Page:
• Difficulty bonding with the baby
    • Fear of being a bad mother
    • Withdrawing from social activities
    • Trouble sleeping or sleeping too much
    • Low energy
    • Feeling guilty, shameful, or worthless
    • Difficulty concentrating
    • Thoughts of self-harm or hurting the baby
    • Suicidal ideation

    There are many risk factors for PPD.

    Any mother can develop postpartum depression, but these factors may increase your risk:

    • History of depression or other mood disorders
    • Unwanted or difficult pregnancy
    • Premature birth
    • Having twins or triplets
    • Recent stress, such as divorce, relationship issues, or death/illness of a loved one
    • Serious health problems
    • Lack of an emotional support network
    • Drug or alcohol misuse
    • Sleep deprivation
    • Poor diet

    Men can get postpartum depression, too.

    Up to 25 percent of new dads experience depression after a baby is born, a condition known as paternal postpartum depression. Men with financial instability, relationship issues, a history of depression, or a partner with PPD are most at risk. If you’re a new father experiencing any of the symptoms listed above, contact your doctor for help.

    Treatments are available for PPD.

    If you notice signs of postpartum depression, treat it with these tips:

    • Take antidepressants or other medication prescribed by your doctor.
    • Seek counseling from a psychiatrist, psychologist, or other mental health professional.
    • Practice self-care, such as eating well, exercising, meditating, and getting massages.
    • Communicate with your partner about how they can help.
    • Join a support group where you can commiserate with other new parents.

    While postpartum depression and other pregnancy complications are always possible, you and your partner may have made up your minds about becoming parents. If you previously had a vasectomy, the first step is to have it reversed. Dr. Joshua Green of the Center for Vasectomy Reversal is a leader in helping men become fathers. To learn more about vasectomy reversal, please contact our Sarasota, FL clinic at 941-894-6428 or schedule a free consultation online.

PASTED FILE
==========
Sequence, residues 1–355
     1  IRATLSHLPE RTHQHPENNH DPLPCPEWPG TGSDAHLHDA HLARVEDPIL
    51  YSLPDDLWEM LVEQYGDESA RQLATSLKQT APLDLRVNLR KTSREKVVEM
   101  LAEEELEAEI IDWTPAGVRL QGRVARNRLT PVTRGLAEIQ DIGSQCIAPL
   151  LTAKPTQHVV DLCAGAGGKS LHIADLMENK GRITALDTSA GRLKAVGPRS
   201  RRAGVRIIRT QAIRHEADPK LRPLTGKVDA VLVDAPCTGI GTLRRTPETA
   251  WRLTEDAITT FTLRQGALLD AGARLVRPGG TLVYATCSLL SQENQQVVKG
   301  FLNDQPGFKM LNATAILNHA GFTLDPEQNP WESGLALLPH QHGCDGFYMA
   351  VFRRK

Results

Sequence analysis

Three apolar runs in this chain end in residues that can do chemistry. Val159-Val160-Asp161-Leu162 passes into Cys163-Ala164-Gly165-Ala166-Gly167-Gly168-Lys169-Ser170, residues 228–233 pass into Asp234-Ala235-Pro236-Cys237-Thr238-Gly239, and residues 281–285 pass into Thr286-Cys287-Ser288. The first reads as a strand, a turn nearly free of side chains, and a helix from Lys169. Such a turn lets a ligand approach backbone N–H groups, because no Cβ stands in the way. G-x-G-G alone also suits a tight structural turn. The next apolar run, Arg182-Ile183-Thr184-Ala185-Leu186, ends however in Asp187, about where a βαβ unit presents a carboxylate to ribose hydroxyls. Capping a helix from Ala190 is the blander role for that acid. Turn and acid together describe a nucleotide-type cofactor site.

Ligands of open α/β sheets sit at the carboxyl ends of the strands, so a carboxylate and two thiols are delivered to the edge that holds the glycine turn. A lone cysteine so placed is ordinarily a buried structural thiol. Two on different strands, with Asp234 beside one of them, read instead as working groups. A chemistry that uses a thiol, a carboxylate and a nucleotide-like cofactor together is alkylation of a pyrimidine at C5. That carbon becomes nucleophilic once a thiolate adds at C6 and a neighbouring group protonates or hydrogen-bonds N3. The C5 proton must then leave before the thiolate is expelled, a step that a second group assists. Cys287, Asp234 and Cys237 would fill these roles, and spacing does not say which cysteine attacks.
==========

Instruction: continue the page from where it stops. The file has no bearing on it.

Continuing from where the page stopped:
• How to Wean Your Baby off Breastfeeding

    As your child grows older, the time will come to wean them off breastfeeding. Remember, weaning doesn’t need to be all or nothing. Even cutting back on the number of times you breastfeed each day is a step in the right direction. In fact, it’s usually best to wean your baby gradually, both for your own comfort and to help your baby adjust to the change. Use these tips to help ease the transition from breast to bottle.

    When to Wean Your Baby off Breastfeeding

    There is no set age when a child should stop breastfeeding. As long as both of you are still benefitting from it, you can breastfeed as long as you like. Many mothers choose to wean naturally, allowing the child to outgrow the need at their own pace. For many babies, this happens between nine and 12 months old, though some children continue to show interest well into their toddler years. Still, when and how you choose to wean is totally up to you.

    Age-by-Age Guide to Weaning

    Following age-appropriate guidelines can make the weaning process easier. Here are some tips to help guide you:

    • How to wean at 0 to 3 months: Babies often wean more quickly at this age because they’re less aware of what’s going on around them. An easy method is to offer a bottle of breast milk at the start of each feeding and eventually replace nursing sessions with bottles.
    • How to wean at 4 to 6 months: Start substituting bottles at your baby’s least favorite feeding session. If your attempts don’t work, see if a support person can get your baby to take a bottle. Sometimes it helps if you’re not in the room during feeding time.
    • How to wean at 6 to 12 months: Solids are an option at this age, so begin offering baby food instead of nursing sessions. Experiment until you find something your baby really likes.